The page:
Issues of police racism and use of force against unarmed Black people are an unfortunate constant in the news. This unavoidable issue of modern times leads to groups across the nation advocating for change. However, arguments and claims must be supported by accurate interpretations of data to better foster dialogue and change; SCFT did not provide a fair and accurate accounting.

For instance, SCFT advertised this message: “Shaker Heights is allotting 71% of tickets to Black drivers even though Black people make up only 36% of the city.” The obvious implication would be that the city is making unfair ticketing decisions on account of race.

TCN’s analysis found that, in 2020, about 71% of traffic citations indeed went to Black drivers. Citations to Black drivers, however, rose by 2.11% from 2017 to 2018, decreased by 12% from 2018 to 2019, and plummeted by 43% from 2019 to 2020 (largely due to COVID-19). In other words, before the pandemic, citations to Black individuals were decreasing. The numbers that SCFT shared with the community represented an incomplete picture of the stops the police were making and the 71% figure does not address factors that influence figures like this.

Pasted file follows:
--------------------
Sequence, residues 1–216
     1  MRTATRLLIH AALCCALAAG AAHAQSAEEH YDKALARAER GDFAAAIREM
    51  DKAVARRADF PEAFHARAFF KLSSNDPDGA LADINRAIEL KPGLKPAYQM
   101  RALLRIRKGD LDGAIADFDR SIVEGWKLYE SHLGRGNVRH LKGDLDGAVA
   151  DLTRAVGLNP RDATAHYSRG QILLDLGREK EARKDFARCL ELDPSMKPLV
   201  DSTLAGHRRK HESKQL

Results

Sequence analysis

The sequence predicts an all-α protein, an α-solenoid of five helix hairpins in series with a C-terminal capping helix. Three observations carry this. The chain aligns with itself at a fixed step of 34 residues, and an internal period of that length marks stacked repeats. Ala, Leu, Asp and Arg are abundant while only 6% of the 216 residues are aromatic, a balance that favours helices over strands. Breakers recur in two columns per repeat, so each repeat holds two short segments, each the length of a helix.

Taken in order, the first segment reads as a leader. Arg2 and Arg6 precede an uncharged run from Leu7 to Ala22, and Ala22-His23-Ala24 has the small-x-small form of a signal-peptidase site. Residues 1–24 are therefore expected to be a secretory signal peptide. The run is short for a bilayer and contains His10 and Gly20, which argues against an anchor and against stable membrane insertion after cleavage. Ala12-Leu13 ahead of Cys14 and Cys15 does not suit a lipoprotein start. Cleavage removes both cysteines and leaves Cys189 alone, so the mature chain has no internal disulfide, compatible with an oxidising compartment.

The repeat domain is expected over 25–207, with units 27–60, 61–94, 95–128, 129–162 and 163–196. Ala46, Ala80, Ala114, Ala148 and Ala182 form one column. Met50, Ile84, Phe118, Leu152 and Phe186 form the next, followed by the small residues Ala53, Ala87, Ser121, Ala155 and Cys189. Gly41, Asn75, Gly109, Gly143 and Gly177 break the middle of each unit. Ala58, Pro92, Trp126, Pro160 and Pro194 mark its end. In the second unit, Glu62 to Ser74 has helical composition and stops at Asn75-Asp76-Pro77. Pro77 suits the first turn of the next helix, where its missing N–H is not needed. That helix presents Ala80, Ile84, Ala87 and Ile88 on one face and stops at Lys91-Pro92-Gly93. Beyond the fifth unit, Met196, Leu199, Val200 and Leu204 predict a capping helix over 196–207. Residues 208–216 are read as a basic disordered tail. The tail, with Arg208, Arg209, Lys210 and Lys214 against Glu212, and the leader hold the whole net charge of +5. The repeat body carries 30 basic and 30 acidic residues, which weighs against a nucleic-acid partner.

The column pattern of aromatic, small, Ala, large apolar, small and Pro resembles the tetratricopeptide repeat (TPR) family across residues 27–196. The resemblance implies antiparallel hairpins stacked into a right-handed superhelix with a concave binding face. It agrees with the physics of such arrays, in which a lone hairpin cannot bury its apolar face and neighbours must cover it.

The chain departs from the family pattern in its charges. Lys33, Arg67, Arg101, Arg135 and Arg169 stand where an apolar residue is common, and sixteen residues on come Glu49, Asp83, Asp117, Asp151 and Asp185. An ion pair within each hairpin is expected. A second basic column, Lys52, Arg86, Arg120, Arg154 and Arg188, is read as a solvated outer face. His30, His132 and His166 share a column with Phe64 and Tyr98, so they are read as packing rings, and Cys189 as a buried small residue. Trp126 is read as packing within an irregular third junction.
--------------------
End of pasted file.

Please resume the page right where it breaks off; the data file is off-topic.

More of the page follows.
Further, the SCFT statistics do not take into account the geography of Shaker Heights. Wayne Hudson, chief of the Shaker Heights Police Department, identified Shaker Heights as a pass-through city. This is evident in the high percentage of tickets given to people who are just passing through.

Wayne Hudson assumed his role as Chief of the Shaker Heights Police Department on Jan. 9, 2023 (Shaker Heights)

Hudson told The Carroll News that 16% of tickets were given to Shaker residents and 8% were given to African-American Shaker Residents. The other 84% of tickets were issued to non-Shaker residents. One of these high-traffic pass-through areas is what SHPD calls zone four.